One of the tools for studying fluid flow is the concept of vorticity, or the tendency to rotate. All objects on the surface of the Earth of necessity share the component of the Earth's rotation appropriate to the latitude: this is known as planetary vorticity and, because vorticity is defined as 2 x angular velocity, is equal to 2Ωsin φ and given the same symbol as the Coriolis parameter, f. Rotatory motion relative to the Earth is known as relative vorticity, ζ. The vorticity of a fluid parcel relative to fixed space - its absolute vorticity - is given by f + ζ. In the absence of external influences, potential vorticity (f + ζ)/D (where D is the depth of the water parcel) remains constant. Away from coastal waters and other regions of strong velocity shear, f is much greater than ζ. By convention, an anticlockwise rotatory tendency is described as positive, and a clockwise one as negative (regardless of hemisphere).
Early theories about oceanic circulation were restricted because the effects of the Earth's rotation - the Coriolis force and hence geostrophic currents - were not appreciated. During the 20th century, ideas about large-scale ocean circulation developed dramatically. Strommel demonstrated that the intensification of the western boundary currents of stubtropical gyres is a consequence of the increase in the Coriolis parameter with latitude, and that western intensification can be explained in terms of vorticity balance.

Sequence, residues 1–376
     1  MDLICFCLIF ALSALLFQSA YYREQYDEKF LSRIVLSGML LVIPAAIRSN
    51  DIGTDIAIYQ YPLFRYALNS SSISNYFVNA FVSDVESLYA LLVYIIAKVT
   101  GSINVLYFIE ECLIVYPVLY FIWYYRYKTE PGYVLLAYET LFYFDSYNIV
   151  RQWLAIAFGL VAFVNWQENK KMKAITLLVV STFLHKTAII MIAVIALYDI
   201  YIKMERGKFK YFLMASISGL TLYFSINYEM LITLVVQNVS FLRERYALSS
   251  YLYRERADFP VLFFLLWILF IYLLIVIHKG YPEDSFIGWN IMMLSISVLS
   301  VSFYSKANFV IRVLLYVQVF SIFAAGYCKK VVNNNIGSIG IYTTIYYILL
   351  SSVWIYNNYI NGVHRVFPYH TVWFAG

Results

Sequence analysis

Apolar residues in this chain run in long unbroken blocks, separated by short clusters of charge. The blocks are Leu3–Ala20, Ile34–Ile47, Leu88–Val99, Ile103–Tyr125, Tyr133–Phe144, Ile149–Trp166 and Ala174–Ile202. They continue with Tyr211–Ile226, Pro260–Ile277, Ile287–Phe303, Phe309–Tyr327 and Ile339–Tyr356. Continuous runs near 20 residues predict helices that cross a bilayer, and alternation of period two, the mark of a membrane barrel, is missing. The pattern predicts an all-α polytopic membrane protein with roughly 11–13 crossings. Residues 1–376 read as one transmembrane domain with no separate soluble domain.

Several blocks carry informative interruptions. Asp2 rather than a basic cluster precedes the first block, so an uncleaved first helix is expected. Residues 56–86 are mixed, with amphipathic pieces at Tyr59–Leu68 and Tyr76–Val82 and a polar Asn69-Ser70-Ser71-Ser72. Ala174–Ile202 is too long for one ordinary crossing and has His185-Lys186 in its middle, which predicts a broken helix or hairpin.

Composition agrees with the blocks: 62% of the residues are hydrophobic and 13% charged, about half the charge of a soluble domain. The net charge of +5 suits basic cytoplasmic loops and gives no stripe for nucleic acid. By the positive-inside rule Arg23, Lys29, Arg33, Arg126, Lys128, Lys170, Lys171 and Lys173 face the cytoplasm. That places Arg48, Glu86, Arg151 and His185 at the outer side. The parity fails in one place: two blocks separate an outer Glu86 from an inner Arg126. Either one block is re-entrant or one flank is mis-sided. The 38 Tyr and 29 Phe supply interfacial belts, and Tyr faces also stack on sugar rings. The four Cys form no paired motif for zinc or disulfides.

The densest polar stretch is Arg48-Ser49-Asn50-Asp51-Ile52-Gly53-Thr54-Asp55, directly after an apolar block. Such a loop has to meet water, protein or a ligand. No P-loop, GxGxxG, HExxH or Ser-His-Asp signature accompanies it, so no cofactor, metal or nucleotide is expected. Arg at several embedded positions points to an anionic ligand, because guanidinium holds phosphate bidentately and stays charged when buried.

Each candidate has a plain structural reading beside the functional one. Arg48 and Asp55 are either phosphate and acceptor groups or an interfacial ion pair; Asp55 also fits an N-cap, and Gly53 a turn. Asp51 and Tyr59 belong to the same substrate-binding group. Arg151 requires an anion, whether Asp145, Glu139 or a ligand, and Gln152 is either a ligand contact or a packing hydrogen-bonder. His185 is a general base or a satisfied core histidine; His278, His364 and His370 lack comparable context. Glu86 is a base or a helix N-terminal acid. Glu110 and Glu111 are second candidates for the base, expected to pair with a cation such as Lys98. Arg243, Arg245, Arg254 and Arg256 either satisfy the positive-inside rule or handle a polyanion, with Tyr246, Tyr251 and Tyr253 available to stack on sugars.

Sverdrup showed that when horizontal pressure gradient forces, caused by sea-surface slopes, are taken into account, the total wind-driven, meridional (north-south) flow is proportional to the torque, or curl, of the wind stress. Sverdrups' ideas were extended by Munk who used real wind data (rather than sinusoidally varying wind distributions, as used by Stommel and Sversdrup) and allowed for frictional forces resulting from turbulent mixing in both vertical and horizontal directions. The circulation pattern he derived bears a close resemblance to that of the real oceans.
The equations of motion - ie the mathematical equations used to investigate water movements in the oceans - are simply Newton's Second Law, force - mass x acceleration, applied in each of the three coordinate directions. They are most easily solved by considering equalibrium flow, in which there is no acceleration. When this is done for the equation of motion in a vertical direction, it becomes the hydrostatic equation.